Char Resolution Rouses House


re-elect yew char


     Yew Char, fifth district Democrat,who never fails to have his say on every subject and on occasion does that several times, stubbed his legislative toes quite seriously at Monday's session and to such an extent that a demand that he apologize was made from the floor.

     The following resolution bearing his name, was read by Clerk Edward Woodward:

     "Whereas, the Republican party dominated the political situation continuously for many years in Hawaii; and

     "Whereas, the emblem of the said party is an elephant; and

     "Whereas, DAISY, the only elephant in Hawaii, having gone on a rampage and caused the death of its keeper; and

     "Whereas, because of the said rampage and death of its keeper the said DAISY has been shot and killed; and

     "Whereas, the great Republican party is now without an animal emblematic of the party; now, therefore, be it

     "Resolved, that the speaker of this house, appoint a committee consisting of the entire Democratic delegation to investigate and report to this house whether a Jack-Ass is a suitable animal to replace DAISY and serve as an emblem of the Republican party in Hawaii."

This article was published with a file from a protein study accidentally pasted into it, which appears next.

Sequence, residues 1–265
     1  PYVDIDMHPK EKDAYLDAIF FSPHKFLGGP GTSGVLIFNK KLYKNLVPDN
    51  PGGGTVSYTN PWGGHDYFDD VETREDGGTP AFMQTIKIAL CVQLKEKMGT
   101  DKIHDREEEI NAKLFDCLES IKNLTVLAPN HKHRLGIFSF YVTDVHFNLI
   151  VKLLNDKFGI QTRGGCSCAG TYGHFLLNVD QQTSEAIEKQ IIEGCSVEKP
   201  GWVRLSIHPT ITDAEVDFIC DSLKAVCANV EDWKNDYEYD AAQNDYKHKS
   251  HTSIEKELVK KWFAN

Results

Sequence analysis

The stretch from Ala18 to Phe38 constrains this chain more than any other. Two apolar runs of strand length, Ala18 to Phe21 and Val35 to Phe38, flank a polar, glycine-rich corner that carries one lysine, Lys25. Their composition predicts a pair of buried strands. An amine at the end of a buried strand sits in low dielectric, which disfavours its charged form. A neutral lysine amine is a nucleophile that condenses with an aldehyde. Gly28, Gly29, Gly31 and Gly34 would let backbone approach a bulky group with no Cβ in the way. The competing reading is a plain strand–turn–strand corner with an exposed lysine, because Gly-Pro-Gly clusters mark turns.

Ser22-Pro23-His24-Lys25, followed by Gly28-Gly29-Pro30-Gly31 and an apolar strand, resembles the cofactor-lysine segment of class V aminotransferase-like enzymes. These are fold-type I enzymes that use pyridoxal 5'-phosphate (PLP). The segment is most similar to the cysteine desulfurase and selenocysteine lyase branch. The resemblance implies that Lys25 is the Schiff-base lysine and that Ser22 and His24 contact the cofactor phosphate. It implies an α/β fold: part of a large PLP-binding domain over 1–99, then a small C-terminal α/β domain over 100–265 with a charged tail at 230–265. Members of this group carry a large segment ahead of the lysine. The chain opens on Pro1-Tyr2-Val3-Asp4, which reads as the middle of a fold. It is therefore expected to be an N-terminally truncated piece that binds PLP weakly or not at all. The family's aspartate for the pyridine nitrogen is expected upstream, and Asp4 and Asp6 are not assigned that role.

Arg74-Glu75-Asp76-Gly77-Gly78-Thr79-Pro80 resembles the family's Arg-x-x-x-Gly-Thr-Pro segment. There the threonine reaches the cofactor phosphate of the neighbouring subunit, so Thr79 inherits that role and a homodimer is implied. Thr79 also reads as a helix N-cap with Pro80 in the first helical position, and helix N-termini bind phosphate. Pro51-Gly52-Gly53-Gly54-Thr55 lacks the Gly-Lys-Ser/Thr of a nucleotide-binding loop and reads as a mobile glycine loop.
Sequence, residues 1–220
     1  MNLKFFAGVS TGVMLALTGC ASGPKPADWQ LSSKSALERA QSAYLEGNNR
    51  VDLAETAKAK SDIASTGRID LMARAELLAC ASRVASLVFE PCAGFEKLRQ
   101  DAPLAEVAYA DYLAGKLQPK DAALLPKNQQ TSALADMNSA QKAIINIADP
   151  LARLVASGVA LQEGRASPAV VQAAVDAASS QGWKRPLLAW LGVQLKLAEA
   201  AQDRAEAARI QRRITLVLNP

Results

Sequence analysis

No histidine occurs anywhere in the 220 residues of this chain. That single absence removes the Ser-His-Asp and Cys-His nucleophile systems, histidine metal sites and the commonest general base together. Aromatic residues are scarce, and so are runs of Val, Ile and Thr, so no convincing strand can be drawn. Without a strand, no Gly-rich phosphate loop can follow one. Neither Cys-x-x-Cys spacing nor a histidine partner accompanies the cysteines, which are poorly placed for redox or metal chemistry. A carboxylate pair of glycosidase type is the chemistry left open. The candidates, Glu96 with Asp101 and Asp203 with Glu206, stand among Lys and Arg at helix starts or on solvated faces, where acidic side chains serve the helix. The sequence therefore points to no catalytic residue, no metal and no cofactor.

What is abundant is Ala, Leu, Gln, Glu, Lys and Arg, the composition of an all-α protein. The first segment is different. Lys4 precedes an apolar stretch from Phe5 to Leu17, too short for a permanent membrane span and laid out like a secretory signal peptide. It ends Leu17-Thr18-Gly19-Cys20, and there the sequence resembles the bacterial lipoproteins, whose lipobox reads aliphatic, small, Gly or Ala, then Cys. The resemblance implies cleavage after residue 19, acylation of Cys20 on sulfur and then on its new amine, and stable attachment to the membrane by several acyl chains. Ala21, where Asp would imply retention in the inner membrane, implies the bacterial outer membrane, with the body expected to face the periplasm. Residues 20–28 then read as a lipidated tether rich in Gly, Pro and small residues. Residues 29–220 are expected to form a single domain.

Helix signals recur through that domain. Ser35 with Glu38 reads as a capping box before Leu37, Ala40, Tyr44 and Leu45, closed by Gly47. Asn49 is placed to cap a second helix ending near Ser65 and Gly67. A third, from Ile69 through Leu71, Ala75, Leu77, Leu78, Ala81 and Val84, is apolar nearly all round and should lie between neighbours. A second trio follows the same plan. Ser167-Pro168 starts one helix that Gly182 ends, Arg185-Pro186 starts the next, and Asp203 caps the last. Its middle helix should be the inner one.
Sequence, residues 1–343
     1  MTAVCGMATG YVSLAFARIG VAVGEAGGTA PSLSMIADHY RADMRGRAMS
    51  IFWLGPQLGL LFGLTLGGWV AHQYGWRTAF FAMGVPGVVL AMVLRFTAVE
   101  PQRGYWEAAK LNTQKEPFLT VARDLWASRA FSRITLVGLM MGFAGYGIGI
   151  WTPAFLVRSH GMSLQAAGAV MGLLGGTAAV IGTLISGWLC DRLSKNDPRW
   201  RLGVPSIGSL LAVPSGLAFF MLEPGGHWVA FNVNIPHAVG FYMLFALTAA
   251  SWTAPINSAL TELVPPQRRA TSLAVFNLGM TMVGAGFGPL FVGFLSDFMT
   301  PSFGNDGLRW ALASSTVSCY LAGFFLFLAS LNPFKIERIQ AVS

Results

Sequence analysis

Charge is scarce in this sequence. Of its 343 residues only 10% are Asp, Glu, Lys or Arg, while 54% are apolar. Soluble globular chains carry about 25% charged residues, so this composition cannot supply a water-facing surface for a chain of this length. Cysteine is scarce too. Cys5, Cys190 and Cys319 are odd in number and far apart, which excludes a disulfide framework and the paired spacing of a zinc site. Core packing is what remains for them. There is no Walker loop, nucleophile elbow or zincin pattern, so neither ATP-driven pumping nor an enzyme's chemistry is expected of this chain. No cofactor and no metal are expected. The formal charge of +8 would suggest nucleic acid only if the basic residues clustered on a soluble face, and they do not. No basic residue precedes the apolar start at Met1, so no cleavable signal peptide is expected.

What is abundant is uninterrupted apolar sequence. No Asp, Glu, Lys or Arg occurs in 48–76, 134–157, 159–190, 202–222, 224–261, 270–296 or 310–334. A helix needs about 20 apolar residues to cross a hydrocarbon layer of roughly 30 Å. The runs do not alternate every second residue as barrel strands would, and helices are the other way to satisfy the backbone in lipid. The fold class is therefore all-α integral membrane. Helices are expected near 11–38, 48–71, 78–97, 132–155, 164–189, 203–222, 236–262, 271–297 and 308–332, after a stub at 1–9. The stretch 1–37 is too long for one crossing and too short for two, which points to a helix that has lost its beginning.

Consternation seemed to hold the members



of the house in its grip, while Yew Char smiled.

     Chairman Wichman of the finance committee moved that the resolution be tabled.

     Ezra Crane, with apparent heat, declared that Yew Char's resolution was in "mighty poor taste," considering that a widow was now held in the grip of deep grief because of the tragedy that had resulted in the loss of her husband. He seconded Wichman's motion.

     Yew Char declared that it was a mistake, the offering of the resolution. He did not deny that it was his, but said that he had intended to ffer a different resolution. Later, in the day he offered a resolution out of respect to the late Senator Thomas J. Walsh of Montana.




     The offending resolution was tabled on a showing of hands.

     Shortly before adjournment, Francis K. Aona of West Hawaii moved that the house reconsider its action in regard to the resolution and demanded that Yew Char apologize for his action. This carried.

     "I make my political apology to the opposition party," Yew Char declared, still smiling.

     The resolution was withdrawn and all reference to it was expunged from the record.

     "I am sorry my fellow-members cannot take a harmless joke like that," Yew Char explained after the close of the day's session.



Honolulu Advertiser, Page 9, March 07, 1933.
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